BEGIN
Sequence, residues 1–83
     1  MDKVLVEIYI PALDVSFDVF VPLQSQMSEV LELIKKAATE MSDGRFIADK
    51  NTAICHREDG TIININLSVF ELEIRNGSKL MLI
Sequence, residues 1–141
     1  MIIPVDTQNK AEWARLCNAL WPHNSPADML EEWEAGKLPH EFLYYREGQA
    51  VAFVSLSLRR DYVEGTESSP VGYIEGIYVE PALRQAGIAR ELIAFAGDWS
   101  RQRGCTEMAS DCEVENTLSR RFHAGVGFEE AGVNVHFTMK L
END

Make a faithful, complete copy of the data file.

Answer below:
Sequence, residues 1–83
     1  MDKVLVEIYI PALDVSFDVF VPLQSQMSEV LELIKKAATE MSDGRFIADK
    51  NTAICHREDG TIININLSVF ELEIRNGSKL MLI
Sequence, residues 1–141
     1  MIIPVDTQNK AEWARLCNAL WPHNSPADML EEWEAGKLPH EFLYYREGQA
    51  VAFVSLSLRR DYVEGTESSP VGYIEGIYVE PALRQAGIAR ELIAFAGDWS
   101  RQRGCTEMAS DCEVENTLSR RFHAGVGFEE AGVNVHFTMK L